Fuji Suncrest, 1987 – 2008

Fuji Suncrest, 21, Beaverton, died Oct. 28 of acute frame fracture.

A remembrance will be held tonight, after dinner, over a few beers.

The Fuji was first in the possession of a bicycle shop owner in Watsonville, Calif., where he used it as a high-end mountain bike.

In 1989 the shop owner sold it to a college student, who used it as a mountain bike and as an all-purpose commuter. The student added a Blackburn rack to the bike, and rode it continually from 1989 until 1992, in place of a car. Much of this commuting was on the UC Santa Cruz campus, and some of it consisted of, arguably, one of the best 3-mile commutes in the world: down West Cliff Drive in Santa Cruz, Calif.

ATIS547, via Flickr

West Cliff Drive, Santa Cruz, Calif. Credit: ATIS547, via Flickr

The bike was a stalwart companion, despite impressive misuse including mountain bike crashes such as one at 25 mph, and a spectacular one off a bridge into a river.  On more than one occasion, the bike carried the student and his friend home on the rear rack, when his friend was too drunk to see straight.

In 1992 the Fuji moved to San Francisco and then to Palo Alto, where it served as a light-duty commuter and weekend mountain bike.

From 1996 until 2000, also known as The Dark Years, the Fuji sat mostly dormant in a garage in Oklahoma City, an inhospitable city for bicycling.

In 2000 the bike moved back to Santa Rosa, Calif., where it was fitted with slicks and served as a short-duty commuter.

In 2004 the bike moved to Beaverton, Ore., and in 2006 began a second era of bike commuting. The commuting started out as relatively short-hop: a 3-mile ride to the train station, then a 1.6 mile ride in downtown Portland. For close to two years the bike humbly and safely conveyed the same owner on commutes and trips around town, even as he added clipped pedals and fenders (a necessity in a city as rainy as Portland), and the seat post clamp wore out, the rear axle failed, and the bottom bracket broke.

By this time the bicycle was older than some of the mechanics that worked on it. Yet these mechanics never looked contemptuously at the bike. Instead, they typically nodded, impressed at the durability of the grizzled old warrior.

In the summer of 2008, when gas prices rose and Johnny-come-lately bike commuters flooded the trains, the owner began riding the Fuji the entire trip between home and work. Once again, despite being heavy and old, the Fuji performed without complaint, even as more of its components started to fail.

On October 27 in the evening, the bike conveyed the owner the entire 13 miles from work to home, carrying him along a rough path buckled by tree roots that runs down the Willamette River, across the carved-up pavement in the Corbett-Terwilliger area, up steep hills west of the river, and out through West Portland and Beaverton, a trip that includes two wooden bridges and numerous speed bumps.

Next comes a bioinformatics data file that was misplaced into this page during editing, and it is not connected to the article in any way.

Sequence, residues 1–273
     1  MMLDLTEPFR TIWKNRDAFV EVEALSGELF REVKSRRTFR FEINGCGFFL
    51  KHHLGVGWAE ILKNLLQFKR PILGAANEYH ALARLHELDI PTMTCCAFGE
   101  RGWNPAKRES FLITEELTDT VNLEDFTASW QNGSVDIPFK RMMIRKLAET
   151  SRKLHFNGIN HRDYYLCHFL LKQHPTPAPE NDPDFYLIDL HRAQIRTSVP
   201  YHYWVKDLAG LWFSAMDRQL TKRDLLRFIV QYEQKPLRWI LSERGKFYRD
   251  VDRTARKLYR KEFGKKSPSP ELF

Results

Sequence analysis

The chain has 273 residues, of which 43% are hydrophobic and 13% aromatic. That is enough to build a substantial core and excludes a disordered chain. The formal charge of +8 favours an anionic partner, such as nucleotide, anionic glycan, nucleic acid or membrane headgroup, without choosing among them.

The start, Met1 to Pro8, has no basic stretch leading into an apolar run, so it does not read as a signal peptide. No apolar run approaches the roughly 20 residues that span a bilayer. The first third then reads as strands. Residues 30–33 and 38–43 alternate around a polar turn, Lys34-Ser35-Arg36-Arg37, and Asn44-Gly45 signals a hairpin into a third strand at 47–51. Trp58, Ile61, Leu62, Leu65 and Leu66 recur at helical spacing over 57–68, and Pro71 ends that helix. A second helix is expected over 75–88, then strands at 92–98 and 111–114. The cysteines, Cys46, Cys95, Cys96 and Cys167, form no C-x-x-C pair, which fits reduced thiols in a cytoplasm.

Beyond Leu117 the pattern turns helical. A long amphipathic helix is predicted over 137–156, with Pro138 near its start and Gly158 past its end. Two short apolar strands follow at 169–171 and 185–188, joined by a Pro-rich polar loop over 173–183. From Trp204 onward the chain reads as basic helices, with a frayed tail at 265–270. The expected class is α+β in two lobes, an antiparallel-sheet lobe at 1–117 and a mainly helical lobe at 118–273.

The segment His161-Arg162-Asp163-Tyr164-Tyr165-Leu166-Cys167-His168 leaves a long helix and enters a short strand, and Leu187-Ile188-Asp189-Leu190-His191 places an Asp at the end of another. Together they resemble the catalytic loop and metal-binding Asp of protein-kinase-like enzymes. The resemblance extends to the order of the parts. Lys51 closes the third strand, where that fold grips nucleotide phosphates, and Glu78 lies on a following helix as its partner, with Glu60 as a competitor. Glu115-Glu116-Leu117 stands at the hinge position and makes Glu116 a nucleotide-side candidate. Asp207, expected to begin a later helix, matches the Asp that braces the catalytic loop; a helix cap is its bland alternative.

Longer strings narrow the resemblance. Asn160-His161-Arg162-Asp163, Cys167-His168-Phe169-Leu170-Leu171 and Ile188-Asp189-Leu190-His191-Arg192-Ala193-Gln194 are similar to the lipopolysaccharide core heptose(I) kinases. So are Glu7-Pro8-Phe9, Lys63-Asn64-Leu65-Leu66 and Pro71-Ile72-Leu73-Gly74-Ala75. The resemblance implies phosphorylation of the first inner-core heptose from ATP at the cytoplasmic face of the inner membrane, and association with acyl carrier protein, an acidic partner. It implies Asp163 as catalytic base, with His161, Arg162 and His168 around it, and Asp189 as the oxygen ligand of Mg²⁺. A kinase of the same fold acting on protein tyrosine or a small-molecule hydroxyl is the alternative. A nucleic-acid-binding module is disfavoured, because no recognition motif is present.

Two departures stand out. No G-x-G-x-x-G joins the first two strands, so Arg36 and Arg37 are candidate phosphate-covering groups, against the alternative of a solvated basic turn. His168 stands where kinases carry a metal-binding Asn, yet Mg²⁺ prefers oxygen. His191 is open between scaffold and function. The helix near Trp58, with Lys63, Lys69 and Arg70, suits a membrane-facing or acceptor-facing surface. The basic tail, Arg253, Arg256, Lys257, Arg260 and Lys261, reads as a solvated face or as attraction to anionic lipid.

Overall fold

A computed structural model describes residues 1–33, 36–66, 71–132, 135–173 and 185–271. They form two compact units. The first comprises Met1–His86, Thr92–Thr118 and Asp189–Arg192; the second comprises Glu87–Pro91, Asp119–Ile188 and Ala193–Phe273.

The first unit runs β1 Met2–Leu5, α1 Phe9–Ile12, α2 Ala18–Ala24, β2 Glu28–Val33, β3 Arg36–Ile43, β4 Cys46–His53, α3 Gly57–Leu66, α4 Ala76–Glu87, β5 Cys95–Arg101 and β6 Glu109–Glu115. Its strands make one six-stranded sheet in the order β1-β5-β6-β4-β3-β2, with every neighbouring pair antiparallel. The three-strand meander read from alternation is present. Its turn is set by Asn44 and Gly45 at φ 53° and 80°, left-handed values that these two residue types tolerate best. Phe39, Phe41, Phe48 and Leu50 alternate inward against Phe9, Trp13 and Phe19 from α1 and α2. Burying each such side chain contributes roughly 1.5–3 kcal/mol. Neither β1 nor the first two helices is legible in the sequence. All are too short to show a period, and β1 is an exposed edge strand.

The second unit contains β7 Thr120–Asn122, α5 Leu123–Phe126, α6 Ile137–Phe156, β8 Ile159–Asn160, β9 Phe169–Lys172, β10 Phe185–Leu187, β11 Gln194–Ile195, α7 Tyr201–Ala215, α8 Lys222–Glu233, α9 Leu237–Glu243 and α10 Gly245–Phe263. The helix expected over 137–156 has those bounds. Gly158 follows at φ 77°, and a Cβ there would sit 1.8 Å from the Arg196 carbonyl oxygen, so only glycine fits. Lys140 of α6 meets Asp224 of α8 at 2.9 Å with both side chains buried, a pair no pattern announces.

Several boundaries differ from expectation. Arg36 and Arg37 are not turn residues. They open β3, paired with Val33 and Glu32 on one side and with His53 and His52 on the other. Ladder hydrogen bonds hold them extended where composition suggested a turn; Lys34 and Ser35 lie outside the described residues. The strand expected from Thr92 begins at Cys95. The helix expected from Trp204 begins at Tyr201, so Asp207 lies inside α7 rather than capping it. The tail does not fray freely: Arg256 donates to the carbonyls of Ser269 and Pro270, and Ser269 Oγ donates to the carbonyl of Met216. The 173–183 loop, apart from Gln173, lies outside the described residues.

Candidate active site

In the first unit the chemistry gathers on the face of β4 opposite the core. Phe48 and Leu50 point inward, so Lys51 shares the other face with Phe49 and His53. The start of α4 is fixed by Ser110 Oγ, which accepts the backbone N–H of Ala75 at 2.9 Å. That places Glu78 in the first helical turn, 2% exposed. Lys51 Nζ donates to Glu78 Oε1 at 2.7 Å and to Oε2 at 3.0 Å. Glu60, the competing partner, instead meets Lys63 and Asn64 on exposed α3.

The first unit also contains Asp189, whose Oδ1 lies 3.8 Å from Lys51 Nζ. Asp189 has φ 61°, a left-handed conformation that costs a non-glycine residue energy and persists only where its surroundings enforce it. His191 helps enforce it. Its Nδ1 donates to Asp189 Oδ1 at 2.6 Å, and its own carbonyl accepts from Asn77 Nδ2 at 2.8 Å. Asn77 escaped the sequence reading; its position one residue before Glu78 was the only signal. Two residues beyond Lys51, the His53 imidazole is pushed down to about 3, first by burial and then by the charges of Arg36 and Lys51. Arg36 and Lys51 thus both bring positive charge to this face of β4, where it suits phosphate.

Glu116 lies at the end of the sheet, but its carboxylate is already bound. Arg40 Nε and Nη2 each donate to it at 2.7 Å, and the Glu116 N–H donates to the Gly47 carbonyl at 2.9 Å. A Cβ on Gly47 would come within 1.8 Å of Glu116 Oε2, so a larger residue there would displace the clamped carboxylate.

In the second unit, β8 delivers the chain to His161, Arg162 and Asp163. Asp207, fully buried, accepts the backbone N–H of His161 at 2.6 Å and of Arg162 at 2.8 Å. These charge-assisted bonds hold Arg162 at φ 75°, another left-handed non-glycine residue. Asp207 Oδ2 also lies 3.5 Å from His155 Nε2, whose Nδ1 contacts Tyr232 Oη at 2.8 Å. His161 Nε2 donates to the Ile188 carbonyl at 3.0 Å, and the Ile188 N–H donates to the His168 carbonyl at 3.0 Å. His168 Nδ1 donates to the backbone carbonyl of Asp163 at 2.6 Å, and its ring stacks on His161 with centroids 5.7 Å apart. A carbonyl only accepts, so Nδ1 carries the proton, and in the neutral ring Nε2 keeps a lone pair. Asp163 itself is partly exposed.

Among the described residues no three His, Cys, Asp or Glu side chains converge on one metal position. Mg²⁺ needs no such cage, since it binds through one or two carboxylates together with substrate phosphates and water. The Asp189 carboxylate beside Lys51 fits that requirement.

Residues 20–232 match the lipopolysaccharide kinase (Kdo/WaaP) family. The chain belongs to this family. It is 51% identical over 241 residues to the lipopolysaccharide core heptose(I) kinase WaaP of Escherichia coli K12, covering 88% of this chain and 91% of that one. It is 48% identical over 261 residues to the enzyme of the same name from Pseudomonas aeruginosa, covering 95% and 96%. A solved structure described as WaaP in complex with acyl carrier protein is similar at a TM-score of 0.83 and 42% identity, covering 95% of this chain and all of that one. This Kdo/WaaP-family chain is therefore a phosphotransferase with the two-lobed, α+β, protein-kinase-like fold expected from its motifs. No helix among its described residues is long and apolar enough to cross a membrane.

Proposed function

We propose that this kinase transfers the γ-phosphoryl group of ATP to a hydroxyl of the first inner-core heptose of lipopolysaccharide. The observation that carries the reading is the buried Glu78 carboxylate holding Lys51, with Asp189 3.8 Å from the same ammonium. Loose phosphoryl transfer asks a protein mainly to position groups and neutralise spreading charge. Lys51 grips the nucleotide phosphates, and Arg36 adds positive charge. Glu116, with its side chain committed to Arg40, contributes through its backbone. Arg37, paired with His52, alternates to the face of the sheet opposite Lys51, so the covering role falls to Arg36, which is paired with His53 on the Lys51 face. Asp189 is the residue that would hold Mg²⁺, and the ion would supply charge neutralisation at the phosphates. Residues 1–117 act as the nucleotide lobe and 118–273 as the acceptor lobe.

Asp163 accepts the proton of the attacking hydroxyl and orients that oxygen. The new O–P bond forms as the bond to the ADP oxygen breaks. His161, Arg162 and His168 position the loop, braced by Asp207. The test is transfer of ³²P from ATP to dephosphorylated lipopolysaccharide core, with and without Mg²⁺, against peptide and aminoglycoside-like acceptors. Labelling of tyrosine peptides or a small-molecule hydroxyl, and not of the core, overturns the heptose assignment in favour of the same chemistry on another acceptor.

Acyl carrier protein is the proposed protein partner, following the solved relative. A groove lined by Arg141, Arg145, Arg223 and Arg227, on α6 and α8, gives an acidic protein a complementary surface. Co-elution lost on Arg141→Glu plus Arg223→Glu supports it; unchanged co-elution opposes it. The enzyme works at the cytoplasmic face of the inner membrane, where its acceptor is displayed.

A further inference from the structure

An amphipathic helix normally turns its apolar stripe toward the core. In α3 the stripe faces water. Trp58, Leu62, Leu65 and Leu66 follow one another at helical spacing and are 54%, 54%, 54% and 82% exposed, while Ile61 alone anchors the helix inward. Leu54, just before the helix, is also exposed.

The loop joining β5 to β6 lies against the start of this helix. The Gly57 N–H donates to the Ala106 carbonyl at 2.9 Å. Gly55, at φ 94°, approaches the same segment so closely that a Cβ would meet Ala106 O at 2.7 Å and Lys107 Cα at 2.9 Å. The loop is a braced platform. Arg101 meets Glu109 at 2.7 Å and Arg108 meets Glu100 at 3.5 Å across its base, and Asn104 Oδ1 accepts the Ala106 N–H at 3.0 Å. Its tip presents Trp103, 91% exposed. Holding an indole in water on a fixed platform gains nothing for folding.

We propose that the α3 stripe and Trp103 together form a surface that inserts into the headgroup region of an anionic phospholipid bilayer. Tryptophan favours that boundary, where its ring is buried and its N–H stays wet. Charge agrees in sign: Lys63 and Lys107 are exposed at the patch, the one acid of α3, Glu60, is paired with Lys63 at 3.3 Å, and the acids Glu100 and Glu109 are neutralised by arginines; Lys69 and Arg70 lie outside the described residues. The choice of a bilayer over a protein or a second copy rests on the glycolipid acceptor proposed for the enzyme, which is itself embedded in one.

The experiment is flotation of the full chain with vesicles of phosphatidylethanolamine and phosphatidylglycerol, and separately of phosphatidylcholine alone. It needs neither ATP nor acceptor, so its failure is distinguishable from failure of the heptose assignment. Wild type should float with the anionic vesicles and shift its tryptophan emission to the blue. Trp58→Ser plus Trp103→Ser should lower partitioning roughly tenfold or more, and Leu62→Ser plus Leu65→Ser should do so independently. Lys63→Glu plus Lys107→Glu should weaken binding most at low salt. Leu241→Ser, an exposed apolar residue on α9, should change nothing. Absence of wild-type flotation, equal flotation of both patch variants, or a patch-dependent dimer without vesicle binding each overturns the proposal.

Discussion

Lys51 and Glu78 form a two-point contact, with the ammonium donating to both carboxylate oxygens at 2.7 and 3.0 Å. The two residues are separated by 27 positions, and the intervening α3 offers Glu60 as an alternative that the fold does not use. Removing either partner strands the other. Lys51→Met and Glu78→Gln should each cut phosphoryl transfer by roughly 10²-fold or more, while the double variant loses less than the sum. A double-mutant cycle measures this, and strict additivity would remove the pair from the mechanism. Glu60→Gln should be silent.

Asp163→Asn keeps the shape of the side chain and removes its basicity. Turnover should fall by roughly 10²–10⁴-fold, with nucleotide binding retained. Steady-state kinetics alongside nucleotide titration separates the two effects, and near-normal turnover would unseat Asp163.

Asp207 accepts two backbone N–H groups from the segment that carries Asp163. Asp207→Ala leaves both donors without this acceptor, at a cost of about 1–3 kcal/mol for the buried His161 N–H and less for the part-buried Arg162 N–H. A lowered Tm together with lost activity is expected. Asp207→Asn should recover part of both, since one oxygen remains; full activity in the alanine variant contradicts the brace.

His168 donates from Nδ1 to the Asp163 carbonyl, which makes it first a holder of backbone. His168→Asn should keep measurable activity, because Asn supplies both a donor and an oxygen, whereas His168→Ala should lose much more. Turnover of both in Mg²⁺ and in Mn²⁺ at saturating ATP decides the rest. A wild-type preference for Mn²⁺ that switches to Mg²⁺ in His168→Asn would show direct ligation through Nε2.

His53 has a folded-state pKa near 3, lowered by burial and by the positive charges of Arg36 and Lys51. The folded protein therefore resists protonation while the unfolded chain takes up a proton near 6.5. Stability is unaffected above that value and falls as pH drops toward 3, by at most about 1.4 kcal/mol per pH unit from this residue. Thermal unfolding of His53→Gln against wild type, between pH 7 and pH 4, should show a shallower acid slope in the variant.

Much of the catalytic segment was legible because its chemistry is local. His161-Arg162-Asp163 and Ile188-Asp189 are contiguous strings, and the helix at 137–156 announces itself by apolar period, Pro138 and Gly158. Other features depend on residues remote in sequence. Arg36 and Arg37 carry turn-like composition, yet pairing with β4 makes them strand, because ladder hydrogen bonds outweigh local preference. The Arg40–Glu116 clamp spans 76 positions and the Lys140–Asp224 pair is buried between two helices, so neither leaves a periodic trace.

The next morning, after a ride into work on a cool autumn morning, a fracture was discovered in the chain stay, near the rear derailleur.

The bike will be donated to the Community Cycling Center, for parts.

In lieu of flowers, the family requests that you take good care of your own bicycle.

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10 thoughts on “Fuji Suncrest, 1987 – 2008

  1. Some would like know why the Suncrest cracked, I preferred to hear about how it rolled thru it’s life…a fitting tribute JohnO, may your legs be worthy of it’s successor.

  2. I would guess it was old age, accumulated pounding and metal fatigue. It certainly looked fatigued. I was trying to think about how many miles I put on the bike over the years. Considering I did 140 in September alone, it had to be thousands.

  3. As an original owner still riding an ’87 Suncrest, I was stunned to read of your loss. You motivated me to replace everything but the wheels, seat and shifters. I hope it is not too late.

  4. My 1987 Suncrest is still commuting 15.7 miles a day in eastern PA! New chain and rear hub a few cables in 24 years – not too shabby!

  5. I have to bring mine into the shop for a total make over, chain, brakes, new wheels. Even though I have seriously tried to kill it, it just seems to keep going. The last person to work on it was born two years after it was made and she could not believe how well it road. GOOOO Fuji!!

  6. This is a delightful story about your bike, and it pleases me to know how so many stories just one bike can tell. Today I bought a 1989 Fuji Suncrest from a man retiring and moving up to the U.P. It’s immaculate, all with original parts. The funny thing is, it’s only a year younger than I am. Here’s to hoping it will create as many stories as yours did for you.

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